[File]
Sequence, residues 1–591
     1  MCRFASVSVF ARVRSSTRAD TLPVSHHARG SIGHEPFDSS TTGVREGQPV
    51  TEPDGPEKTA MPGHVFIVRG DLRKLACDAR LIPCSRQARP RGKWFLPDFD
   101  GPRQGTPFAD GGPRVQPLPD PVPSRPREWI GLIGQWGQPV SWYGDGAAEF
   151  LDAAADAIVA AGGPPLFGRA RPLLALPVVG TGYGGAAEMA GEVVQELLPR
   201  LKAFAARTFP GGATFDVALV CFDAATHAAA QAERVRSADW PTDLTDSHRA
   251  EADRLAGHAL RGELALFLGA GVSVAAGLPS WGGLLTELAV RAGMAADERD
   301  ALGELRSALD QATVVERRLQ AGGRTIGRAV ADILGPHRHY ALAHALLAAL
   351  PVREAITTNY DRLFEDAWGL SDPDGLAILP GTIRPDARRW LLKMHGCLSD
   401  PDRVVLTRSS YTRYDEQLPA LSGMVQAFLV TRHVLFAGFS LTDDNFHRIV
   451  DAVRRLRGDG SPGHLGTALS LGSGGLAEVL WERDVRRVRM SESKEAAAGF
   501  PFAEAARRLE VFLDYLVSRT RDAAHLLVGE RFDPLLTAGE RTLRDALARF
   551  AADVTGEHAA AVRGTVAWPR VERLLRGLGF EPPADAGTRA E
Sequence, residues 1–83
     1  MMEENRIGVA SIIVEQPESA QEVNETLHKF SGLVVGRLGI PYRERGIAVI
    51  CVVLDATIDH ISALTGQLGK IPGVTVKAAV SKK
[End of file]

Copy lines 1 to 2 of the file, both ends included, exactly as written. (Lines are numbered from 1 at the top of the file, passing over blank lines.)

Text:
Sequence, residues 1–591
     1  MCRFASVSVF ARVRSSTRAD TLPVSHHARG SIGHEPFDSS TTGVREGQPV